Sonic Booms, Chilicothe and More
I believe we’re due for a reader column!
After the columns on UFO sightings in Hamilton County ran, both Pam Ferber and my Anonymous Friend brought up the sonic booms that used to be heard in Noblesville during the 1960s when jets from Grissom Air Force base flew over the city.
Believe it or not, I’d actually forgotten about the booms until they mentioned them. I’m surprised I forgot because, as Pam pointed out, those booms were VERY loud.
The “Truth or Tall Tale” column prompted Jeanne Flanders to write that she’d occasionally picked up mussel shells at the water level on the bank of White River and could see how they’d make beautiful buttons.
I’m not sure how plentiful mussels are in White River today, but it’s nice to have proof some of them survived the overfishing that took place 100 years or so ago.
Jeanne also raised the subject of Chilicothe, one of the “lost” towns I wrote about several years ago. (Those are Hamilton County towns that have plat maps recorded in the old deed books in the courthouse, but, for various reasons, never existed anywhere but on paper.)
Chilicothe and a Wayne Township town, Wheatly, were planned to be on the Central Canal. However, because the canal was never finished, those towns were never built.
Wheatly’s plat map includes its proposed location (today that would be the south side of 206th St. between Victory Chapel and Olio Roads,) but oddly, Chilicothe’s location is missing from its map.
Jeanne said her neighbor, John Bundy of Bundy Ducks, told her Chilicothe would have been situated on high ground along the south side of White River near State Road 13.
Unfortunately, Mr. Bundy died recently, so I lost the opportunity to talk to him about Chilicothe, but I suspect he was probably right about the location.
In other business . . .
On a recent visit to Gatewood’s Vegetable Farm I discovered they’re selling some nice T-shirts to commemorate their 100th year.
Bruce Gatewood pointed out the clever way his son, Bryce, worked “100” into the design on the back of the shirt, and Bruce’s sister, Kelli Balke, noted that the image of their building even includes the crooked weathervane.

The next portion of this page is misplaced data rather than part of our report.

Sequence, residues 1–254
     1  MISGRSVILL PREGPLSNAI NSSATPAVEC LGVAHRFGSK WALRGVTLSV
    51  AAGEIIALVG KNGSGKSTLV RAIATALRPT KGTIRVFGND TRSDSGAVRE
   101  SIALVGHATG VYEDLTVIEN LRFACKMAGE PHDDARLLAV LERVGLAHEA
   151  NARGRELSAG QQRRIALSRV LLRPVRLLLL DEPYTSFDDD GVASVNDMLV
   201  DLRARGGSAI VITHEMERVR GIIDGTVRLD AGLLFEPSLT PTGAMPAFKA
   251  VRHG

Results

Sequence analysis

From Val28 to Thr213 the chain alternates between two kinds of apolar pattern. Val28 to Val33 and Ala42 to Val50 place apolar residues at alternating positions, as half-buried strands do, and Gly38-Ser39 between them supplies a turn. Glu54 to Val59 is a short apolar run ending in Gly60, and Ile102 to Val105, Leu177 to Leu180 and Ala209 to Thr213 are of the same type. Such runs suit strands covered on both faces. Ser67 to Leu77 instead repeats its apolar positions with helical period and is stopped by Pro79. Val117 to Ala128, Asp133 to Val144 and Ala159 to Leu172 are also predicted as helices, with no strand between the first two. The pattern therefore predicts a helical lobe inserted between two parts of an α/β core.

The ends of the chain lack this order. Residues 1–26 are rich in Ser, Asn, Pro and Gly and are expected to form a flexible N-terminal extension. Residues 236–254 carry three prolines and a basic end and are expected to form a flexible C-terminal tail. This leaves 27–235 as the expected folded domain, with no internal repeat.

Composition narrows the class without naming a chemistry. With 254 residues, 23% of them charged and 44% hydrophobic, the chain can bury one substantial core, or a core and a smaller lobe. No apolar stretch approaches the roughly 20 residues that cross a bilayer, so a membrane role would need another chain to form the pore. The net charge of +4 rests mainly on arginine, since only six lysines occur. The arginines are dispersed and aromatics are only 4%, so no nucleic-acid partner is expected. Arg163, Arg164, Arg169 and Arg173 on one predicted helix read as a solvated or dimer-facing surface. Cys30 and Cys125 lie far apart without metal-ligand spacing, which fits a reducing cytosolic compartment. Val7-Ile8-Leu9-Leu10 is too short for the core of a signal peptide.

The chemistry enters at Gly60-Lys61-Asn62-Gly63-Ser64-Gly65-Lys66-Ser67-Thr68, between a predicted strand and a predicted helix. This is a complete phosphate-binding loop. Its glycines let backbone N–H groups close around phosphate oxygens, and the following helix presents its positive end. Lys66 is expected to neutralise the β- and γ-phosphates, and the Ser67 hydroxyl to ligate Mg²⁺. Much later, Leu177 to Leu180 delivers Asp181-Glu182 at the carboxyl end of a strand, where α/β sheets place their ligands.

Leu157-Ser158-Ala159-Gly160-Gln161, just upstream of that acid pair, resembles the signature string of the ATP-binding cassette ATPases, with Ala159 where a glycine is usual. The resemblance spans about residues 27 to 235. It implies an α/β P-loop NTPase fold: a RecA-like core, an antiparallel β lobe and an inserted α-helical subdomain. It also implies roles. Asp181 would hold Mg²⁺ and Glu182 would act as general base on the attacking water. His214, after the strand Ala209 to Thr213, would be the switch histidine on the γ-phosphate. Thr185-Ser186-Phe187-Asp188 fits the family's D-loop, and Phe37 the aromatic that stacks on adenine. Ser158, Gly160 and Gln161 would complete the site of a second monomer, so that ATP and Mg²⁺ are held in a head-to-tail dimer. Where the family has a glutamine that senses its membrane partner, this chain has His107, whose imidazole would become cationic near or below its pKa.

(I’d never noticed the weathervane before, which shows how observant I am!)
Kelli said they often get asked if they intend to straighten the weathervane, but there are no plans to do that. They’re used to it the way it is.
When I was writing about Atlanta last week I ran short on space, so I couldn’t include anything about why “Atlanta” was chosen as the town’s name when it became necessary to replace “Buena Vista.”
Actually, I’m not sure there is a definitive explanation.
The June 18, 1886, Ledger simply notes that “Beuna Vista” [sic] was changed to “the more euphonious name” of Atlanta, which “increased the enterprise and public spirit of its citizens.” (In case you’re wondering, “euphonious” means “pleasing to the ear.”)
A more involved explanation appears in the August 7, 1914 Noblesville Daily Ledger.
F. M. (Frank) Trissal, a former Noblesville attorney living in Chicago, wrote a letter to the editor in which he stated that a regiment of Hoosier soldiers had been accused (“perhaps wrongfully”) of running away at the battle of Buena Vista during the Mexican War. He suggested that was why the town’s name was changed.
(Apparently, he was unaware a Buena Vista post office already existed in Indiana.)
According to Trissal, “Atlanta” was chosen to replace “Buena Vista” because it commemorated “a great battle of the Civil War in which Indiana soldiers participated and were complimented for their bravery.”
Finally — it’s wooly worm time again! Please let me know if you spot any.
Paula Dunn’s From Time to Thyme column appears on Wednesdays in The Times. Contact her at [email protected]